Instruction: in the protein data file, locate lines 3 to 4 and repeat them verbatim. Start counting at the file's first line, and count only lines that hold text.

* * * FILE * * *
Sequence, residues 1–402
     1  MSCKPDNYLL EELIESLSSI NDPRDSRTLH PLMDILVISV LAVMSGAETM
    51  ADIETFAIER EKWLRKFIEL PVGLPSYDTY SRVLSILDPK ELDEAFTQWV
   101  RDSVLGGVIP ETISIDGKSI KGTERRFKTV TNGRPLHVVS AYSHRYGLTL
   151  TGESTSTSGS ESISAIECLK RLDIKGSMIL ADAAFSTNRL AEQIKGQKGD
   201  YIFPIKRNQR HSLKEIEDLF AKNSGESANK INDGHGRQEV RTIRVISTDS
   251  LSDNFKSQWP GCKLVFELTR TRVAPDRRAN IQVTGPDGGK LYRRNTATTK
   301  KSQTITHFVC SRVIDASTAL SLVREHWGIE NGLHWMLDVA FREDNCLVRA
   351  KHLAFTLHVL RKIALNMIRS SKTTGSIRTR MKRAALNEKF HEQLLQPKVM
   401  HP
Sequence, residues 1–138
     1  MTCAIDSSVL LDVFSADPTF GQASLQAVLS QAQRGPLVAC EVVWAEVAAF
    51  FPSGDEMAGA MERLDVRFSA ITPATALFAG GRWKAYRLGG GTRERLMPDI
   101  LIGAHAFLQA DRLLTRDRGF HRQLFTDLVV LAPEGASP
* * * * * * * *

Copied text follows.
    51  ADIETFAIER EKWLRKFIEL PVGLPSYDTY SRVLSILDPK ELDEAFTQWV
   101  RDSVLGGVIP ETISIDGKSI KGTERRFKTV TNGRPLHVVS AYSHRYGLTL